Japanese newspaper Mainichi Shimbun (“Daily News” reporting Burrows’ one woman show “Sister! Sister!” (02/08/1997)
Center section from Japanese newspaper Mainichi Shimbun’s coverage on Burrows’ performance of “Sister! Sister!” as well as her advocacy for human rights (02/08/1997)
English version of Japanese press material on “Sister! Sister” (Burrows shared the stage with Eiko Shinya) at the Nara Prefecture Culture Center on 02/19/1997
After a performance, a young Japanese woman came up to Burrows and admitted that at first, she looked at this “older black woman with braids” and thought, “What does her story have to do with me?” But after watching “Sister! Sister!” she understood that “We are one.” Vinie Burrows recounted this story, remarking how universal and powerful theatre could be.
(Hear more of Burrows’ recounts of performing her one woman shows at https://performingartslegacy.org/burrows/oral-history/)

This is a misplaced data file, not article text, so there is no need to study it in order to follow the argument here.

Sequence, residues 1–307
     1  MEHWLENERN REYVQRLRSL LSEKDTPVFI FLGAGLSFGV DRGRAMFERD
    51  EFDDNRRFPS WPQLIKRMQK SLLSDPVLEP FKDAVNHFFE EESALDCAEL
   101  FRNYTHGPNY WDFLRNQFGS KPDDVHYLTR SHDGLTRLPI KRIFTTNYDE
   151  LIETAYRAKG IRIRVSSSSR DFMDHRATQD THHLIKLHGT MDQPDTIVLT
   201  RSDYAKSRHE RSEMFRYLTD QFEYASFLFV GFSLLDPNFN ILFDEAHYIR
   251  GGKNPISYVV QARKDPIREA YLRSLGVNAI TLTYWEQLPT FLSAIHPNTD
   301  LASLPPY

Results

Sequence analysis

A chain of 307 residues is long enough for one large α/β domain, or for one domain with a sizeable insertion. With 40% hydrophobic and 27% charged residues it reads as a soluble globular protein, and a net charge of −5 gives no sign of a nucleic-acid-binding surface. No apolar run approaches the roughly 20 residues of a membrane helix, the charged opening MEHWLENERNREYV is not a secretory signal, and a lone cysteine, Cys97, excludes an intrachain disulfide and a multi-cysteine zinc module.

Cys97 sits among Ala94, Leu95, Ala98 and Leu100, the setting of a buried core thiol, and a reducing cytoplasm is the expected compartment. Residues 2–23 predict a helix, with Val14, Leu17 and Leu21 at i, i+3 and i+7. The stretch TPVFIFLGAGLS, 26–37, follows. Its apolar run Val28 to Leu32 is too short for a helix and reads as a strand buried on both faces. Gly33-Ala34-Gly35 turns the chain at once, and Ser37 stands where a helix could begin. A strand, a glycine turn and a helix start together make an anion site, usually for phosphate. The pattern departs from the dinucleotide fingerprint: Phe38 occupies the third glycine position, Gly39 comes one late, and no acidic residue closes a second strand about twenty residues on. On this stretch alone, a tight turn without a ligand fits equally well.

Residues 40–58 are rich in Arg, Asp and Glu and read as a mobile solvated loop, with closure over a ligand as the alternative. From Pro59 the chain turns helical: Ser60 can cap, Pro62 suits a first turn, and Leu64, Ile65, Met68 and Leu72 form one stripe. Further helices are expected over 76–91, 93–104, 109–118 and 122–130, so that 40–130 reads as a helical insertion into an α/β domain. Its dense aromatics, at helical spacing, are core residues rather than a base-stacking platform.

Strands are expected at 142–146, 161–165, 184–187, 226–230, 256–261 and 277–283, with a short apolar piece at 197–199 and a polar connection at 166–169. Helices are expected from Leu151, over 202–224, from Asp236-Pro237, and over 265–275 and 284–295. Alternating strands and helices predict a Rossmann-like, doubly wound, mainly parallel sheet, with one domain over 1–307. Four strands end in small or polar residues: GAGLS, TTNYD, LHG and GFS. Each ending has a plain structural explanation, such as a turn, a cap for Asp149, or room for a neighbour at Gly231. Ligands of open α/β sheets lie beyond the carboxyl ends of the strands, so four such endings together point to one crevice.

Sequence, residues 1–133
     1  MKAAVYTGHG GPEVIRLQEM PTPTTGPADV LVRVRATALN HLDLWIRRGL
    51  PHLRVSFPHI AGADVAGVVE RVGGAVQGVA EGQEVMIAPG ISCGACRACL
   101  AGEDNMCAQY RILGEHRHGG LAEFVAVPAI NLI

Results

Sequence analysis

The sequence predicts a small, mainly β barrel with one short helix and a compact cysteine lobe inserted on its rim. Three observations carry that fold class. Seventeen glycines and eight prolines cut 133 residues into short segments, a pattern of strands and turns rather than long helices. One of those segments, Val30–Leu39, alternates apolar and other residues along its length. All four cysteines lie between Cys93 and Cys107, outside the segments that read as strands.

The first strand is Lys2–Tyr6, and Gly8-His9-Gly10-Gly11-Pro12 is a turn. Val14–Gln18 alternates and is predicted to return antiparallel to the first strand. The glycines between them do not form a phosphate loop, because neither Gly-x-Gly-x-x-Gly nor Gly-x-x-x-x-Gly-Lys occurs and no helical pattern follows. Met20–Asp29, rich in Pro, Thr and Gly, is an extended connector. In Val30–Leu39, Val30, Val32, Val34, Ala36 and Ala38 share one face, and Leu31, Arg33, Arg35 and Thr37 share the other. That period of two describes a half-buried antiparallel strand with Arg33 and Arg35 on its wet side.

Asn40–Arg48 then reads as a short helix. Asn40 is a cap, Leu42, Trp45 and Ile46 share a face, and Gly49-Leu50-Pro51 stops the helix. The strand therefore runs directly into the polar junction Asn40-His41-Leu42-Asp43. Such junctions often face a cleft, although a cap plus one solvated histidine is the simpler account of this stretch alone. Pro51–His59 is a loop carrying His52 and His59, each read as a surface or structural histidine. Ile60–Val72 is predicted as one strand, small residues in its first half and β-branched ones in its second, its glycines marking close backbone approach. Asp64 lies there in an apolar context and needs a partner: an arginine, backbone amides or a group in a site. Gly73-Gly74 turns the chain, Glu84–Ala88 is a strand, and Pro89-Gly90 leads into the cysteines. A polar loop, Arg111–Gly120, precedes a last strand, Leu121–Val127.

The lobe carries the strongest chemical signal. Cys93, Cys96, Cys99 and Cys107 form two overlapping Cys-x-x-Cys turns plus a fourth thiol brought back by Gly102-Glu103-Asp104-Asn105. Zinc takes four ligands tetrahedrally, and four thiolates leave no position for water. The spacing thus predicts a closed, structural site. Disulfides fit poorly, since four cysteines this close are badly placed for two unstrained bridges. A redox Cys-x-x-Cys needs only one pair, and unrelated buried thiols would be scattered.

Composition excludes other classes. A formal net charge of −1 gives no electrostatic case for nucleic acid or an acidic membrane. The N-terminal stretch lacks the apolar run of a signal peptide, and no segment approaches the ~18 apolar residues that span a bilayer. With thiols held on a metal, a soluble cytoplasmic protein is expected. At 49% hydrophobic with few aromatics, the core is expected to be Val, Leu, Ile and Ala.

VINIE BURROWS is a native New Yorker born in Harlem Hospital. A child actor on radio she made her Broadway debut with Helen Hayes. Six more Broadway shows followed appearing with Mary Martin, Claude Rains, Ossie Davis, and Eartha Kitt, among others. Frustrated by the roles available to the actor of color, VINIE created and produced her first one woman show, WALK TOGETHER CHILDREN, a chronicle of the African American experience. The NY critics were unanimous, the New York TIMES called her "a magnificent performer." Morning TV talk shows introduced her to the college market. 6000 performances later with a repertoire of 8 solo shows, she toured three continents. She has been hailed as a “cultural ambassador” and honored at the United Nations. Actors’ Equity Association gave her their Paul Robeson Award; MIT their McDermott Award for her contribution to the Arts. A mother, grandmother and great grandmother, Vinie calls herself, a "cultural worker."